On July 20, the Lake Havasu Bureau of Land Management office, in collaboration with multiple agencies, transported and sank a decommissioned Navy Grumman A-6E Intruder jet into Lake Havasu in the cove at Site 6.
The BLM works with several state, local and federal agencies to form Lake Havasu Fisheries Improvement Partnership (LHFIP) which manages fish habitat in 42 approved coves throughout the lake. Many of the habitat structures that were originally installed in the early ’90s have collapsed and are scheduled to be replaced.
The LHFIP has been conducting feasibility studies to determine the efficacy of different types of habitat that can be used to produce desired results.
For the past 20 years, the decommissioned jet was parked on the Naval base following a crash that ended its flight career. Several Skippers assigned to the base had expressed interest in disposing of the aircraft and at one time made an effort to donate the aircraft to be used as artificial habitat off the coast of San Diego, but lacked the inertia to complete the project.
This project began when Robert Powell from the NAVFAC Natural Resources program in El Centro reached out to the Lake Havasu BLM after hearing about the LHFIP.
BLM consulted with Scuba Training and Technology (local dive shop) to determine if it could pull together the resources to accomplish the unique and challenging project. Once it was decided to move forward, there were numerous challenges.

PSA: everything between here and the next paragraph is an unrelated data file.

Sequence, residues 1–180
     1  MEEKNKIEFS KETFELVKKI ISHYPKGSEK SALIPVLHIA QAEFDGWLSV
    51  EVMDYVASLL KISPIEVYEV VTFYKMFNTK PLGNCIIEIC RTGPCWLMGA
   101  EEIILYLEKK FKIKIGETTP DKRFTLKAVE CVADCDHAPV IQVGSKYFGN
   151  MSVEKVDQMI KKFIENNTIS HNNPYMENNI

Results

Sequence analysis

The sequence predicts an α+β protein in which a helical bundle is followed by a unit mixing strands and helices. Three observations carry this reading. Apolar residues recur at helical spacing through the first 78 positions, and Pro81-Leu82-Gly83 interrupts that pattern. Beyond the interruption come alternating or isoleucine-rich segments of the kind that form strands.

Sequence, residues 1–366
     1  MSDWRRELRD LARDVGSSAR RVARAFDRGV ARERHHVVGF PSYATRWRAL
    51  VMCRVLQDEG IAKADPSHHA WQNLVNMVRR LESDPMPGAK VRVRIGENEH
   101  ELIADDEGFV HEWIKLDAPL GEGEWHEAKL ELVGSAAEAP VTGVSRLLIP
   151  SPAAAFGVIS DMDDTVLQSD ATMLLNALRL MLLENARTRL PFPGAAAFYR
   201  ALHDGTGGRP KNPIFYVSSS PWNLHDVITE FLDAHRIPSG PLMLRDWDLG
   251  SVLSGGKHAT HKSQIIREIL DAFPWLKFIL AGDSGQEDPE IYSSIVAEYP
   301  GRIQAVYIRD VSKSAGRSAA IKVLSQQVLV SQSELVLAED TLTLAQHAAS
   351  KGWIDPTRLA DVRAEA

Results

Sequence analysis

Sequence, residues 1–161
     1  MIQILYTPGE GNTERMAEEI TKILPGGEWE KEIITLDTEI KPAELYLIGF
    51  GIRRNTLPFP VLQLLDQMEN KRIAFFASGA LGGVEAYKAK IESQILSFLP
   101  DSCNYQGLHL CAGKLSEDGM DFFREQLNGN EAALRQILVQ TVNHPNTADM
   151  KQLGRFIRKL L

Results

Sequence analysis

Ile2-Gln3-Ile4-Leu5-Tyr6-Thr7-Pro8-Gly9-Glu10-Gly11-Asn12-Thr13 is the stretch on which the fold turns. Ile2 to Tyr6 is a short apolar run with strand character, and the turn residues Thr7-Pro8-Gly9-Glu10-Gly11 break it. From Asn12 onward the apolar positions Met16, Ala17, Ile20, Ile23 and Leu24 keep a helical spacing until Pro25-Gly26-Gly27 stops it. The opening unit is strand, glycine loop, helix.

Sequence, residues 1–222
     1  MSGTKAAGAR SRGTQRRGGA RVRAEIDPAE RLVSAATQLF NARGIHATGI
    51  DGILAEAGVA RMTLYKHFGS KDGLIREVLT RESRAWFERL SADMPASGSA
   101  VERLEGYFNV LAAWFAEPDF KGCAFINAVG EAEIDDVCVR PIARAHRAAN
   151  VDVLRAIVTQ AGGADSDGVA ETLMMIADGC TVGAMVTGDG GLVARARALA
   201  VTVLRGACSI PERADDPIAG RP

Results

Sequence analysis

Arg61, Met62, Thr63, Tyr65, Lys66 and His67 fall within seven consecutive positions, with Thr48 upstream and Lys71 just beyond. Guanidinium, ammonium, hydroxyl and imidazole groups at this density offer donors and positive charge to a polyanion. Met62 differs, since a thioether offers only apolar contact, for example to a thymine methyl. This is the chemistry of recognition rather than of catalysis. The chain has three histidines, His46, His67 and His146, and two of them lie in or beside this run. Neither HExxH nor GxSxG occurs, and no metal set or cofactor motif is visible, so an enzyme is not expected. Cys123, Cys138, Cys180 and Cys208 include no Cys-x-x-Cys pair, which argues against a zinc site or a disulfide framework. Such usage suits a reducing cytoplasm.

One of the biggest challenges was figuring out how to transport the jet from El Centro to Lake Havasu as it was an extra wide load that required a lot of planning. The National Park Service (NPS) provided transportation equipment and the Marine Wing Support Squadron 72 out of Camp Pendleton offered their expertise to remove the wings and horizontal stabilizers so that the plane could be safely transported.
This group of Marines showed their mettle as they worked tirelessly in the desert heat to cut up the jet as part of a training exercise. Upon arrival to Havasu, the aircraft was fully decontaminated to remove any residual fluids and other potential contaminants.
With the escort of local law enforcement, the jet was transported over the London Bridge onto the island near Site 6. Upon arrival everyone got to work. TowboatUS and Sky High Crane began prepping the jet for its final flight. Lift bags were installed and inflated to float the jet to the designated sinking site prior to it entering the water. The crane carefully lowered the jet into the water and the lift bags kept it afloat as the tow boat pulled it into the cove at Site 6.
Divers released the air from the lift bags and the jet slowly settled into its final resting place. The wings will be reinstalled by divers underwater at a later date.
“The divers and the BLM surveyed the cove to be sure there wouldn’t be any risk to public safety,” said Cristina Sanders, BLM Fisheries Biologist.
“The tail fin has 17 feet of water above it and the cockpit has 20 feet of water above that,” diver Scott Monnier said.
The BLM operates under the Multiple Use Mandate which states that resources and uses on public land must be utilized in a balanced combination that will best meet the needs of the people. This project is an extraordinary example of this effort as it benefits the fishing community, local economy, and enhances dive opportunities within Havasu.
“I would personally like to thank everyone involved that made this happen. This was a massive project with a lot of moving parts; the perseverance and enthusiasm of every single person involved is what led to its success,” Sanders said.
The link to watch a YouTube video of the jet being placed in the lake is:
Photo courtesy Cristina Sanders